This athletic field is named in honor of the men of the Ninth and Tenth U.S. Cavalry Regiments, detachments of which once served at West Point. These Regiments of Horse Cavalry were first created by the Army Reorganization Act of 1866, and their early service was on the western frontier. They were composed of Black American troops, who were called "Buffalo Soldiers" by their Indian foes, a sobriquet they adopted with pride.
During the Indian Wars of 1867 - 1891 the Ninth and Tenth Cavalries participated in eleven campaigns against hostile Indians, among whom were included Kiowas, Comanches, Utes, Cheyennes, Arapahoes, Kickapoos, Apaches, and Sioux. They were engaged in over 125 recorded battles and skirmishes, most of them in Texas and New Mexico, but also including actions in Kansas, Oklahoma, Colorado, Arizona, Wyoming, the Dakotas, Idaho, Montana, and Mexico. Some were major engagements, but many were detachment actions in which noncommissioned officers held the command, and there were many examples of hardships withstood and heroism displayed. Other duties included guarding the border, apprehending bandits and cattle thieves, and maintaining order in sparsely settled and unruly territory.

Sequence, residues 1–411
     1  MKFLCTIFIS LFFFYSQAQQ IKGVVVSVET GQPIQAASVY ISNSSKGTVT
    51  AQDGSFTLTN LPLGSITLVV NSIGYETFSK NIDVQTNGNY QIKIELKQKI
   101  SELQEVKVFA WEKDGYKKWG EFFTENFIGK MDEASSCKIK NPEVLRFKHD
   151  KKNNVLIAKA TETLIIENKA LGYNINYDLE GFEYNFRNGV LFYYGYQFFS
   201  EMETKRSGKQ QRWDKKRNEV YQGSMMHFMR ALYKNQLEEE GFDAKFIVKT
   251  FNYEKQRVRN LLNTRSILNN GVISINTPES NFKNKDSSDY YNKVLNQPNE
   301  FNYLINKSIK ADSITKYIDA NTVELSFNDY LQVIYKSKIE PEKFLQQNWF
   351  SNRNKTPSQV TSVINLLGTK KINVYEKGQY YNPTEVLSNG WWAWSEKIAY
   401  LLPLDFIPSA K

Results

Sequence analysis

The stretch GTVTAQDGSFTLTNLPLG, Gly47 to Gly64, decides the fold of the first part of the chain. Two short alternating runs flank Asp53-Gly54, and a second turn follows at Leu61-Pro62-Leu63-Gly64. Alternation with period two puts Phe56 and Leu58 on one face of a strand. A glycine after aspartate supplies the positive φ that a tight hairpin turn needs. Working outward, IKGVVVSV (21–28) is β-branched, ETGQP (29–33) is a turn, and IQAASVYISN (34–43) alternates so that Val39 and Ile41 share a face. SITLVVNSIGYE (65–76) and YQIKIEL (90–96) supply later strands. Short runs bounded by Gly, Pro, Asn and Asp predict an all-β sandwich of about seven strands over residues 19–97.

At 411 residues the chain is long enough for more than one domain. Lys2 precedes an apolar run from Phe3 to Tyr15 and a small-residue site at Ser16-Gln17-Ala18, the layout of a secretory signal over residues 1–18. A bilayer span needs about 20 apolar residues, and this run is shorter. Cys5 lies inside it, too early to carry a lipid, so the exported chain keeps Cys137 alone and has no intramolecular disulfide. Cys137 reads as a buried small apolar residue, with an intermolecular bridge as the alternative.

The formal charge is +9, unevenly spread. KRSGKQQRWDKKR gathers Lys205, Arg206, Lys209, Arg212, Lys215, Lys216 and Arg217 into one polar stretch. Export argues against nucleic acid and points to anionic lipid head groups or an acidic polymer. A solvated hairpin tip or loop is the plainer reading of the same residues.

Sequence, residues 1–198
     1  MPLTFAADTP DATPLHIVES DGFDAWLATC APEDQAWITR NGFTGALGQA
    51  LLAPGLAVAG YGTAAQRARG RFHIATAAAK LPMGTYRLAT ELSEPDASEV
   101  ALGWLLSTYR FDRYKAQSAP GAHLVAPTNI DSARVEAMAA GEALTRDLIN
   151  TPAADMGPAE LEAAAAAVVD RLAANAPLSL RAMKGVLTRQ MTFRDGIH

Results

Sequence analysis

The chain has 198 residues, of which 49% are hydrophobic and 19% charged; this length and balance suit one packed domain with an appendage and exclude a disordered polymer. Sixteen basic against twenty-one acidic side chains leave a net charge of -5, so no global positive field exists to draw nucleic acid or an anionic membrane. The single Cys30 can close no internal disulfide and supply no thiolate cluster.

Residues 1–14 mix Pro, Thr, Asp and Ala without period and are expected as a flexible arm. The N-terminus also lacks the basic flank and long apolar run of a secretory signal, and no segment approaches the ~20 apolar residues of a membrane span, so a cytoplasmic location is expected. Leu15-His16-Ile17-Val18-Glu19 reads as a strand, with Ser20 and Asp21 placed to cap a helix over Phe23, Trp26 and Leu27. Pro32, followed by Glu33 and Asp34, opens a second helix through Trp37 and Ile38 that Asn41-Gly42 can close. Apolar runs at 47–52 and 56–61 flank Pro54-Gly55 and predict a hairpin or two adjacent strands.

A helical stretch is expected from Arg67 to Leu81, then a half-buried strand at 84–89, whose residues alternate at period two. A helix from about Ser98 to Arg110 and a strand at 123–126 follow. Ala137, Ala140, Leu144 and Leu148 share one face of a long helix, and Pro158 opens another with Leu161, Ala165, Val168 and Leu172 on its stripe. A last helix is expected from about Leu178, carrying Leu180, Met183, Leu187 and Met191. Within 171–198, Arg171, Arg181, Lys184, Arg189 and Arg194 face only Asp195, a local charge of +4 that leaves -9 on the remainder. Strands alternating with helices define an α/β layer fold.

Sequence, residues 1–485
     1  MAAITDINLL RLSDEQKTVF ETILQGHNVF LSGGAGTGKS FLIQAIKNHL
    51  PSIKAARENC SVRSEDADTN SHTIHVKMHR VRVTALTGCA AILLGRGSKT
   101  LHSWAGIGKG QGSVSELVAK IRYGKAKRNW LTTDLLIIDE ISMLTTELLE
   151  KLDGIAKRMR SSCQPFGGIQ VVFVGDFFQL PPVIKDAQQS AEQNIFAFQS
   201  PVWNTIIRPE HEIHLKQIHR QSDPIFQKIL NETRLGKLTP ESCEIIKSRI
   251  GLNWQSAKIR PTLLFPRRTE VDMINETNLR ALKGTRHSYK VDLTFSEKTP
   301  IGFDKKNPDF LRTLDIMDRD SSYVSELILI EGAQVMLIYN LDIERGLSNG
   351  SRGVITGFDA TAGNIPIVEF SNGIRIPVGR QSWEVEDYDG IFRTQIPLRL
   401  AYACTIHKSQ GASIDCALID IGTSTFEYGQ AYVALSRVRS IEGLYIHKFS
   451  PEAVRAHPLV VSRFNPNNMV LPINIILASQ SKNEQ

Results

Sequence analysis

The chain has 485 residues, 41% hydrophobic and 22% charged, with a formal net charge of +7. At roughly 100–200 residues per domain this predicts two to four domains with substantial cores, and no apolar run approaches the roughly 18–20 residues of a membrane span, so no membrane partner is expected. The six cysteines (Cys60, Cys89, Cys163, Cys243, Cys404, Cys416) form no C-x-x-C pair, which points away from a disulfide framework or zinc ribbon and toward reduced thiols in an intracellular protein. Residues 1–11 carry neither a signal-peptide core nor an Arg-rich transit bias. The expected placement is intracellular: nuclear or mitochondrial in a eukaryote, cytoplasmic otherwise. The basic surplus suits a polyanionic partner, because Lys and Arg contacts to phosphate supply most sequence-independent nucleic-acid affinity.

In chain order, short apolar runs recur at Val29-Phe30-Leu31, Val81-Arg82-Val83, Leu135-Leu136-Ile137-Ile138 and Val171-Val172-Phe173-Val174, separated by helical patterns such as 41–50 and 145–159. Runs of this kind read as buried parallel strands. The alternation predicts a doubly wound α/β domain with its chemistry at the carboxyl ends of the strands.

In the War with Spain both Regiments were in the Cuban Expedition of 1898. The Tenth made the frontal attack in the opening engagement at Las Guasimas, and both regiments participated in the attack on San Juan Hill, the Tenth extricating the Rough Riders from difficulty and then joining with them in the assault on the blockhouse. Both regiments were also engaged in the Siege of Santiago.
Subsequently the Ninth Cavalry was sent to the Philippines, where it saw action in numerous skirmishes from 1900 to 1902 during the insurrection. The Tenth eventually returned to border duty in the southwest, and accompanied General Pershing on the Punitive Expedition of 1916, being engaged at Agua caliente, Parral, and Carrizal.
In 1907 a detachment of the Ninth Cavalry was assigned to West Point in support of cadet riding instruction and mounted drill, which was conducted on the ground now occupied by the athletic field and formerly known as the Cavalry Plain. In 1931 it was replaced by the 2nd Squadron of the Tenth Cavalry, which remained at West Point until inactivation in 1946.